The NHS needs to find up to £21billion by 2020 in order to sustain and improve services - calling for a widespread transformation and the adoption of inovative medical technologies, said service chief executive, Simon Stevens.
Speaking at the NHS Confederation Annual Conference in Manchester last week, he also warned there would 'not be prudent to assume any additional NHS funding over the next several years', leaving trusts needing to innovate to meet promises to enhance services.
The challenges are different, the financial circumstances are different, and therefore our response needs to be different
In his keynote speech, he told delegates at the event: "I know it’s tough for frontline staff across the NHS and there has never been a more-complex time to be a health service leader.
"Despite all of the pressures, I challenge you to ask any doctor, any nurse, any patient in fact, 'would you rather be treated now compared to five years ago or 10 years ago?'. The fact is that anybody who knows what they’re talking about would say that the quality of care on offer to the people in this country, for the vast majority of conditions, is better now than it has ever been. And that’s not just true for the clinical quality of care; it is also due, I think, to the compassion and the sensitivity with which care is offered."
But he used his speech to warn of though times to come and claimed the next 12 months would be critical in reining in spending and delivering improvements to services.
"During the 2000s, certainly, the big challenge confronting us was how to use a substantial wodge of extra cash and turn that into improved access and shorter waiting times across the NHS.
How the health and care system evolves in different parts of the country will look different. That is fine. The solution for Lincolnshire will not be the same solution for South East London. That is OK – but it does need to be a solution
"However, as we also know, the circumstances facing us now are different. The challenges are different, the financial circumstances are different, and therefore our response needs to be different."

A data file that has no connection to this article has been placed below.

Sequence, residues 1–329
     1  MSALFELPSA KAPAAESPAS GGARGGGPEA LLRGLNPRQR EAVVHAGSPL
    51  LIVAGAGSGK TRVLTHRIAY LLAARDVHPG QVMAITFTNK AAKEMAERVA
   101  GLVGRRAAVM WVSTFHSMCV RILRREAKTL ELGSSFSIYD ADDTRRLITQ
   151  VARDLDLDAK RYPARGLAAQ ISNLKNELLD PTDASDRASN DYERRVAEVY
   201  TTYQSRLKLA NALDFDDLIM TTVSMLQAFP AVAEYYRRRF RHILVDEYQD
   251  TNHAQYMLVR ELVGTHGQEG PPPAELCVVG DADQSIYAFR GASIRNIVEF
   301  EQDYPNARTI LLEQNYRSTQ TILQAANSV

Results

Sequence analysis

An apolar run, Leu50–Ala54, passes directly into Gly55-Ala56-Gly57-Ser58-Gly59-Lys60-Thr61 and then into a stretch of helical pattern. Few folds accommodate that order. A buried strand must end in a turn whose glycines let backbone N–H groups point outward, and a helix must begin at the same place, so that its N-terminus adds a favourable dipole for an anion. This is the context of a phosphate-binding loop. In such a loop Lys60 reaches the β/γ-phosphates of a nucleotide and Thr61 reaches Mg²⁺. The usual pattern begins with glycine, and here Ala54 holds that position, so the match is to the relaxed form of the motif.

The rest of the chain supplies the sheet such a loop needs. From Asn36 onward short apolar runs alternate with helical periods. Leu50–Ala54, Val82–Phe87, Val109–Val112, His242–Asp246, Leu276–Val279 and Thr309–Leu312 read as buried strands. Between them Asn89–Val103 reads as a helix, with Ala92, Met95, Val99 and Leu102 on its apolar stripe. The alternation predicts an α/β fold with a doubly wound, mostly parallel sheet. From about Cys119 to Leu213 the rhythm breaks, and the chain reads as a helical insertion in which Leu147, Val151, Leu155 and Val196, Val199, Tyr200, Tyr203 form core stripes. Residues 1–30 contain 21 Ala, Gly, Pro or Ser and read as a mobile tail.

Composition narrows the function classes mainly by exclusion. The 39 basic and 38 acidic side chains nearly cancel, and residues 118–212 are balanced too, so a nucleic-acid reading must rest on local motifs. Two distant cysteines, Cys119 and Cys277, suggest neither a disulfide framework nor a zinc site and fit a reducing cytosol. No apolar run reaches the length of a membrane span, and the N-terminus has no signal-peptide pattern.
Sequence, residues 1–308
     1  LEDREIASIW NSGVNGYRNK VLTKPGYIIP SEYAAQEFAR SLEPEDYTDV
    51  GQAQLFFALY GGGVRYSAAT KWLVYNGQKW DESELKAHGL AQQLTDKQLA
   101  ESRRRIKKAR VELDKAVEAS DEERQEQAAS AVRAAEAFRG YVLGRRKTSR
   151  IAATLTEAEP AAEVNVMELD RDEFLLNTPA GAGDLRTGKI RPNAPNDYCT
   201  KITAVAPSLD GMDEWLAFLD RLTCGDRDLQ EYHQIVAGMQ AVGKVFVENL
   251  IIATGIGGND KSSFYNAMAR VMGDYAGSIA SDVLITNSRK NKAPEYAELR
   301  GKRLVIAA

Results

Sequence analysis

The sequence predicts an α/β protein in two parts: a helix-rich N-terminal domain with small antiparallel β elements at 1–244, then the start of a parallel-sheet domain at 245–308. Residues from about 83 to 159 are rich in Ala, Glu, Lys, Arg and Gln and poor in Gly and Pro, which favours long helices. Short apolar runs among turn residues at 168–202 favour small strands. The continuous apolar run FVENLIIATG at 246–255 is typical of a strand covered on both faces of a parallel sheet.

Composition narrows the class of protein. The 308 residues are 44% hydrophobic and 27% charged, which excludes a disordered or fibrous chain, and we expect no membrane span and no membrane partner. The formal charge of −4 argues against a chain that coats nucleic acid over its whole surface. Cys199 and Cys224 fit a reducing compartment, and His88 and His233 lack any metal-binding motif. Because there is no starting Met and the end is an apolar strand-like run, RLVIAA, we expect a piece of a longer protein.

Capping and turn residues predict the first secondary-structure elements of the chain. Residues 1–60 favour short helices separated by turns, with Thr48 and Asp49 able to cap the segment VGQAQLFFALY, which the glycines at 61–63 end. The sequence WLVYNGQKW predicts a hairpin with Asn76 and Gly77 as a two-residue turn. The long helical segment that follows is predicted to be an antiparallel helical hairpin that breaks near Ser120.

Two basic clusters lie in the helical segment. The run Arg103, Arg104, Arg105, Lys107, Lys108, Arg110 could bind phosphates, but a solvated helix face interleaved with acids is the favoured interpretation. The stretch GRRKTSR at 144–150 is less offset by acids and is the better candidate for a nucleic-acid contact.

The NHS Five Year Forward View reveale that the NHS would need between £8billion-£21billion pounds by 2020 in order to sustain and improve.
And, to be at the lower end of that range, it would need to see continuing access to social care and a vastly-enhanced effort on prevention and public health.
Stevens said: "We have a U-shaped funding settlement which – against a very-difficult fiscal backdrop – I think can be regarded as as good as would be obtainable under those circumstances. And so overall NHS funding, as you know, will go from about £100billion pounds to £119billion over this period.
"But there are three important consequences of the recent Spending Review which are really relevant for the conversations we are having now.
"First, the capital is incredibly tight so, as we think about our plans – our care redesign in the 44 geographies across the country – solutions that are heavy on capital expenditure, right now it is hard to see how they are going to be financeable.
"The second impact is that a lot of the improvement we want to see in new funding programmes – be it mental health services, cancer or others – the extra purchasing power for that – regrettably in some ways, but just as a matter of fact, let’s be honest about it – a lot of that extra purchasing power is back-ended towards the 2019, 2020 period.
"The third consequence of this U-shaped funding settlement is that this year now really matters. We have got to use 2016/17 as the reset moment to get our finances, our performance, back in a place where we can then pivot off to the rest of what this five-year settlement looks like.
"Times are clearly tight and tough.
It is going to be bloody tough; let’s just be frank about that. But that is what the nature of the leadership challenge is in front of us right now
"We have got to get our sleeves rolled up, and get delivering on some of the key national priorities and strategies that we have laid out."
Improving social care and the links with the NHS is crucial, he added.
"I do not believe that it would be prudent for us to assume any additional NHS funding over the next several years, not least because I think there is a strong argument that were extra funding to be available, frankly we should be arguing that it should be going to social care. That is one of the arguments that I have been making publicly, and I think social care has a very strong case for that.